Was week I wrote a post about the rise of the Twitch cross stitcher, however it’s clear that vblogging cross stitch is a new thing, and the only way to get the inside scoop is from the streamers themselves. So, without further ado, we hear from the horse’s mouth!
In my initial post, I spoke about the purpose of streaming. It’s not clear from the outset what would make someone stream cross stitching, especially on a vblogging platform. So, what made you start streaming?
EmzOLV I originally started live streaming because I used to write for a games blog which I created. I found that alongside the articles I was doing for that, I could do playthroughs of indie and retro games and it would all fit together nicely. Unfortunately, I haven’t had time for the blog and it’s very competitive and easy to get lost in the Twitch world with video games. I was intrigued by cross stitching streams because I knew of one person who did it (Sirithre) and I had been working in my personal time on a giant version of Yoshi Island SNES start screen. It all seemed to come together with me jumping in and giving it a go, getting really comfortable within Twitch Creative and then just continuing to do it.
Why do you stream instead of making videos?
KWarning It’s all about the live chat for me. There is nothing that compares to the live interaction. I get feedback on patterns and I am able to help viewers with their project by having the ability to reply to them immediately. I have also opened up a discord room to be able to have the same interaction with my viewers while my channel is not live.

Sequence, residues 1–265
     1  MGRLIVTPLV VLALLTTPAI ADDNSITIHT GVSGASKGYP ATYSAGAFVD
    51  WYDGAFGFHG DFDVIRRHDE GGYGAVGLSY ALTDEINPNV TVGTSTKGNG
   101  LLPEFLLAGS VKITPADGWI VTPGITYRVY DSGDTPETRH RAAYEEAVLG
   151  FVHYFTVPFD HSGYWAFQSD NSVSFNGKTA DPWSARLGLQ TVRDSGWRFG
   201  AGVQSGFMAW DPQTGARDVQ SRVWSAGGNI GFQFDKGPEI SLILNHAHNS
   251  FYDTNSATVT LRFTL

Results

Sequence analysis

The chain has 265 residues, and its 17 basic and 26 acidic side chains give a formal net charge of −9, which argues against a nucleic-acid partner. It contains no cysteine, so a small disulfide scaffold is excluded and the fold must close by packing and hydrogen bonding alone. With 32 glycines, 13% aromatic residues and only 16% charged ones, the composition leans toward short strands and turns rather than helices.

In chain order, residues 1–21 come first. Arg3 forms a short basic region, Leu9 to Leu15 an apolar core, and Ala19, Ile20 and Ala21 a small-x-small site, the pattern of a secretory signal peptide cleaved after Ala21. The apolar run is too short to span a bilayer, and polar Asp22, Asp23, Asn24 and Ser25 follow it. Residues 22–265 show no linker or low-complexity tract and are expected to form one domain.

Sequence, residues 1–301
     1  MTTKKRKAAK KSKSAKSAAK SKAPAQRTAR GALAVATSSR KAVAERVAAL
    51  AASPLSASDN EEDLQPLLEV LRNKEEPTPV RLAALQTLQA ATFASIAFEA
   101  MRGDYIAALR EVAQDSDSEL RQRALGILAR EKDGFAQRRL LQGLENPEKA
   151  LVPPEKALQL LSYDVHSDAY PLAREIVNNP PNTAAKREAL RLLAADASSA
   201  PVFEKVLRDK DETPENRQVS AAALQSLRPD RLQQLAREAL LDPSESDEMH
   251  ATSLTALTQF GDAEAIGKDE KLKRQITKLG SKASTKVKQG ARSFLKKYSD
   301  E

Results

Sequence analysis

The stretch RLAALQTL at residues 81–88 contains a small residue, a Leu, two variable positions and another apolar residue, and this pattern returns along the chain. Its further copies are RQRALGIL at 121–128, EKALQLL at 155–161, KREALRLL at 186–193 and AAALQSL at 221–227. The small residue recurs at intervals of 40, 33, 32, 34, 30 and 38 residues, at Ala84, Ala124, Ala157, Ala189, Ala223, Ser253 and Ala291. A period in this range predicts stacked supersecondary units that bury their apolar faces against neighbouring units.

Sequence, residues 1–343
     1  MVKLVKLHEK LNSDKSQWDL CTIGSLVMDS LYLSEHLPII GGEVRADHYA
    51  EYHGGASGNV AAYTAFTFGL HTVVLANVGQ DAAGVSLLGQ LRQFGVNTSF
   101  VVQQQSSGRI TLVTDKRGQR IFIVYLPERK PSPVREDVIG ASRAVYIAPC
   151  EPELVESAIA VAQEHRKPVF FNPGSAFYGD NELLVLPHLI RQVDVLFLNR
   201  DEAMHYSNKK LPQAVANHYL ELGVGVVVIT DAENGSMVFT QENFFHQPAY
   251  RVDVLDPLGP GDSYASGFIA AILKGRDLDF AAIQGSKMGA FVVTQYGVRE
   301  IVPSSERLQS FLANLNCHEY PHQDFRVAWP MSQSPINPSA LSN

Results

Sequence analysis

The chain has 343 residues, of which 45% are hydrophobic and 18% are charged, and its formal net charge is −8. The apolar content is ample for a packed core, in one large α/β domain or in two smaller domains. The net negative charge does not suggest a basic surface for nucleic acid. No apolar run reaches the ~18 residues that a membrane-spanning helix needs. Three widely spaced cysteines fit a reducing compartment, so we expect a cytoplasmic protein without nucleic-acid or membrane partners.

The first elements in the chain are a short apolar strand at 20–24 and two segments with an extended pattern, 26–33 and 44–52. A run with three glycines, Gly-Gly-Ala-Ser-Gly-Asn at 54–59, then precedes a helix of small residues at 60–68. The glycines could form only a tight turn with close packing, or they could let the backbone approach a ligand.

Cross stitch twitch is a bit of a new phenomenon, why do you think it’s become so popular when other social media has failed to unite the stitching community?
ArmoredHearts Cross Stitch on Twitch is immediate, it’s a community that is building out of the love of the art. Whether in the making or the appreciating and collecting. Posting photos of works in progress or finished items is fun. Watching someone create and chatting about experiences, methods, and tools of the craft is what builds a kind of camaraderie among Creative streamers. We relate and learn from others and that makes our experiences have more value and grow.
MotoRuxin Cross stitch is one of those things that lots of people do, but it’s hard to actually meet these people as we are so spread out and diverse. With the Creative section on Twitch, they have essentially created for us an online sewing circle with resources for new or longtime stitcher as well as those with no cross stitch experience. Some people just appreciate the art, and it absolutely fills me with pride when I have viewers praise my work and hope so badly to win one of my giveaways.
If I was a betting man I would think that we’ll see a lot more streamers on Twitch soon, cross stitching away.